The Marijuana Express // The train has left the station

Man smoking cannabis joint

New York recently joined New Jersey and 14 other states (and DC­—and Canada and Mexico) in legalizing recreational marijuana. The issue is fraught and, like all things these days, contentious. There is much said about making the cannabis plant, and its main psychoactive component tetrahydrocannabinol (THC), suddenly, readily available.
The downsides of legalization are obvious and many.
First and foremost, society needs another legal way to become addled like a fish needs a pair of sneakers. We already have alcohol, prescription drugs and lack of sufficient sleep.
While proponents of pot legalization argue that THC is safer than alcohol and might replace it as an escape-seekers’ intoxicant of choice, it is more likely to end up as just an addition to their pharmacopoeias.
Nor does more widespread befuddlement bode well for highway safety.
Marijuana, however, is not physically addictive, at least as the word is used regarding opioids, cigarettes and the like. No physiological dependency is created by THC, and no withdrawal symptoms manifest when its use is discontinued. But psychological addiction—the “getting used to” a perceived-as-pleasurable behavior—exists in the case of pot no less than it does with potato chips or sugary soft drinks (both of which, consumed regularly, carry health risks of their own).
And, while it is virtually impossible to fatally overdose on marijuana, heavy users have been shown to exhibit long-term cognitive decline—there’s a reason, after all, why the word “pothead” exists.
What’s more, cannabis use, especially in people suffering from certain mental illnesses, can trigger psychosis. That is what the defense claimed in the case of the Malian immigrant to France who brutally murdered Sarah Attal-Halimi, a 65-year-old retired Jewish physician and mother of three—as he shouted Islamic slogans and anti-Jewish slurs. Unbalanced, violence-prone, pot-smoking anti-Semites also make the sneakers-for-fish list of unnecessaries.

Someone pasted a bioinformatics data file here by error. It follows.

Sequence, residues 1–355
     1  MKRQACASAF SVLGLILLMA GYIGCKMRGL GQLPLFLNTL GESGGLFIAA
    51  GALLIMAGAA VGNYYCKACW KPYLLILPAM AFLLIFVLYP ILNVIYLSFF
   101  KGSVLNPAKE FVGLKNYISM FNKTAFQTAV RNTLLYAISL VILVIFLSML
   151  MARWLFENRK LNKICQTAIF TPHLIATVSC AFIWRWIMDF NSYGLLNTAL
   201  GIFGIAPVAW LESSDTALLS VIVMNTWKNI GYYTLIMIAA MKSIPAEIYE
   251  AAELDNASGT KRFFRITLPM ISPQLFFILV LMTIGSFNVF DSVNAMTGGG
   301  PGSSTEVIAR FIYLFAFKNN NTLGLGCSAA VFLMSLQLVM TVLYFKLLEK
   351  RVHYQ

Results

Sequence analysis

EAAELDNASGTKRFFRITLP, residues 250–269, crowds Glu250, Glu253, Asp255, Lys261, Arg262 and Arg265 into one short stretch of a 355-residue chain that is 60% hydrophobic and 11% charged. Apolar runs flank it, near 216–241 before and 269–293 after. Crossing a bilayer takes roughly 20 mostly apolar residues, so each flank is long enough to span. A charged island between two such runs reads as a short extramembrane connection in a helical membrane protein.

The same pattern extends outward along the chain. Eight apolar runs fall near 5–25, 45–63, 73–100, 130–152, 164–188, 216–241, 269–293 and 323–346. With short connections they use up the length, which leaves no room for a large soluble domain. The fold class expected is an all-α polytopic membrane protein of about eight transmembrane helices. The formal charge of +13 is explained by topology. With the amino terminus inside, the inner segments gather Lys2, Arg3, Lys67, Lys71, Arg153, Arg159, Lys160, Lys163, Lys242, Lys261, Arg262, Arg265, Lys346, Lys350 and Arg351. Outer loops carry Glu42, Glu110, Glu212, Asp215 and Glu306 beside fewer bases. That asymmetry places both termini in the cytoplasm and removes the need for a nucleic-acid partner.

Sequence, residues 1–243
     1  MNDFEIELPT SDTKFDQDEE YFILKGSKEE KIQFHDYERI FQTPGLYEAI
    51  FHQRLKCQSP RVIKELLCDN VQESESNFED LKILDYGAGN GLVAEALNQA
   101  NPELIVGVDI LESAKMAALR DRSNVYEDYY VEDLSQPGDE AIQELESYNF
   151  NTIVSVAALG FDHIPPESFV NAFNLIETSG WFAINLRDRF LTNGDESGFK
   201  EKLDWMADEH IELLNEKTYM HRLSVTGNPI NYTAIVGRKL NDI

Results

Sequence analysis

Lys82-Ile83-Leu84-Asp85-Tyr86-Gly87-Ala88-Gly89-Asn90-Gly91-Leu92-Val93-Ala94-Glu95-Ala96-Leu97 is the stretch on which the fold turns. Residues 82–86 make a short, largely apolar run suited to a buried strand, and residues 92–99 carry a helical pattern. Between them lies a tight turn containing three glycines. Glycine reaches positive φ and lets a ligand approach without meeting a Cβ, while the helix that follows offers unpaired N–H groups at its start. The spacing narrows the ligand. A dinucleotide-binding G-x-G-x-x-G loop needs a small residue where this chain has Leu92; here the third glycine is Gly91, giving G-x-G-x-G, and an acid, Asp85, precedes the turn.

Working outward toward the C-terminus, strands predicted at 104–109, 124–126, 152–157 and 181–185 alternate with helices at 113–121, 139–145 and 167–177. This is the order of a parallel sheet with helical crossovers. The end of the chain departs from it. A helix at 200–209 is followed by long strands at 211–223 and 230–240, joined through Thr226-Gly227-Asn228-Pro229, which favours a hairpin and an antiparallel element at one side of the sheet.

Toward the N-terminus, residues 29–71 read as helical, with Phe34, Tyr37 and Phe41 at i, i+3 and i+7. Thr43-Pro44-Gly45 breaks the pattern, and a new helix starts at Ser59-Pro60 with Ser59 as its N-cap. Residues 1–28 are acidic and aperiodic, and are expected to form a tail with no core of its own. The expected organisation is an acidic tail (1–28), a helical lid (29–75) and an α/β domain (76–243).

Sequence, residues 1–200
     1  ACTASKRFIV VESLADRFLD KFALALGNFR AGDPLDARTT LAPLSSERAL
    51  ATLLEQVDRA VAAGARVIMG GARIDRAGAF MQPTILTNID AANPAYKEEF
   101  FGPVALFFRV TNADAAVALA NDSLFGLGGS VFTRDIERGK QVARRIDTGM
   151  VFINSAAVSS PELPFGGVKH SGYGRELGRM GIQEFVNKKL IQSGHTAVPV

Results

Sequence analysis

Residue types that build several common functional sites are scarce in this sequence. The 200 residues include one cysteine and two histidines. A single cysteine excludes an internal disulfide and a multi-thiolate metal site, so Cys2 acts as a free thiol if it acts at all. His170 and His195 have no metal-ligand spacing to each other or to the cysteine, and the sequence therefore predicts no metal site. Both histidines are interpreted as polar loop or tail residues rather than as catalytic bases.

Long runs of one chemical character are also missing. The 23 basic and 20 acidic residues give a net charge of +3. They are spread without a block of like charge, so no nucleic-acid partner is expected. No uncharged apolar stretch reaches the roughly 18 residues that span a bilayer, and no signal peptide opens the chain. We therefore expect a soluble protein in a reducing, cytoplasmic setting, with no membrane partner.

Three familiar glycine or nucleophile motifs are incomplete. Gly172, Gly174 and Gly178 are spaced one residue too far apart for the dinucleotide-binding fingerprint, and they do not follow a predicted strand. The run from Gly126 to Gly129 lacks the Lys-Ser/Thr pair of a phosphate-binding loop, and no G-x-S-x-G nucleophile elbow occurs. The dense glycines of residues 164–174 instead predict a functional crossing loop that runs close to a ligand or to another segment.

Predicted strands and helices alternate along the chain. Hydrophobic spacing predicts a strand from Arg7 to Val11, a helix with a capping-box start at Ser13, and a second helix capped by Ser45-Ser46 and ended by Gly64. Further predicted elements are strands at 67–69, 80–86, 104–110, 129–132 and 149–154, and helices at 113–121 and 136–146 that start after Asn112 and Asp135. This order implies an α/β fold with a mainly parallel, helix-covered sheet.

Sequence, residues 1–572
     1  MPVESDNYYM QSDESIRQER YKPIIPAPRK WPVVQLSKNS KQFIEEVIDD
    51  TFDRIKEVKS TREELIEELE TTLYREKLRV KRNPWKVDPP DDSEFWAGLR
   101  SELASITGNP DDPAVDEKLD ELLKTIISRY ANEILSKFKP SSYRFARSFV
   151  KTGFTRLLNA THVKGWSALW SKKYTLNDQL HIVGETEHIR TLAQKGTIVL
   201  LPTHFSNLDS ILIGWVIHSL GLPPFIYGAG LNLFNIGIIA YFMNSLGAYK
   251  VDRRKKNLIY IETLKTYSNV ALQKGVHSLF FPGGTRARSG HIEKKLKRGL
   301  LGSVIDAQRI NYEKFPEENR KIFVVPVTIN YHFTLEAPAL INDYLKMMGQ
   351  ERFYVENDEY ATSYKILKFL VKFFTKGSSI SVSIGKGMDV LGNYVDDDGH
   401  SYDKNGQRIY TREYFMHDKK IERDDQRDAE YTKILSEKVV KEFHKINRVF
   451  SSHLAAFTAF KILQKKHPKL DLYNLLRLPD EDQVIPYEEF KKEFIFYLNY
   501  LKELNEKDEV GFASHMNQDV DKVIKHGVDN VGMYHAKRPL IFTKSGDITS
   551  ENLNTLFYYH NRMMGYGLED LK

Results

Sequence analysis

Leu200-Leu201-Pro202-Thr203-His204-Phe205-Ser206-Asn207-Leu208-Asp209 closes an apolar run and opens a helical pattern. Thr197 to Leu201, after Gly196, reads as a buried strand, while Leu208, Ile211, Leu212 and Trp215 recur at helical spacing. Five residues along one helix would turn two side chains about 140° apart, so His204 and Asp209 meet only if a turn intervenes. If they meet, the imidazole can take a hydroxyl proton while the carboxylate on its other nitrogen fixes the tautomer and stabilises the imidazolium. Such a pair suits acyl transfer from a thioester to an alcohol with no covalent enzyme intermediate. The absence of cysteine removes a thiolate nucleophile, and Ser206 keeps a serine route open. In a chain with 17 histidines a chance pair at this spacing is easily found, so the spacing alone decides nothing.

Studies of crime and vehicular accidents in the wake of marijuana legalization provide uneven and sometimes contradictory results. And teasing out which, if any, increases, where they do exist, are attributable to legalization is almost impossible.
But it’s important for anyone who may have witnessed marijuana use in the 1960s or ’70s to realize that the amount of THC in the current strains of the plant is substantially greater. Back then, most marijuana contained less than 2% THC. Today, marijuana routinely contains 20-25%. That’s like going from a glass of Bud Light to a couple shots of zeks un naintziker.
And then there are “edibles”—marijuana-laced candies and baked goods —which take longer to have an impact and thus can lead people to consume more THC (while waiting for its effects) than they intended to.
Proponents of legalization, though, note that while some 88,000 premature deaths per year in the United States are estimated to be related to alcohol consumption, there is no known single death exclusively attributable to marijuana use.
They also point out that legalization removes a category of drug crime, reducing arrests, prosecutions and imprisonments. And then there are the projected tax revenues, which have been substantial in states that have gone the legalization route. While that benefit has no bearing on health concerns, it could arguably translate into more and better social services that could benefit society. And, as noted above, some see legal pot as potentially replacing long legal and more harmful alcohol.
Not terribly convincing arguments.
Still and all, I think there might be an upside of sorts for our community in marijuana’s legalization. Because our concerns might bring us to more squarely focus on the fact that there are those among us, especially among young people, who already abuse truly dangerous drugs like alcohol, using them not in moderation and infrequently but as an ongoing way to numb themselves to their lives’ realities.
And to set ourselves to addressing in earnest the underlying reasons for why they feel the need to do so. l

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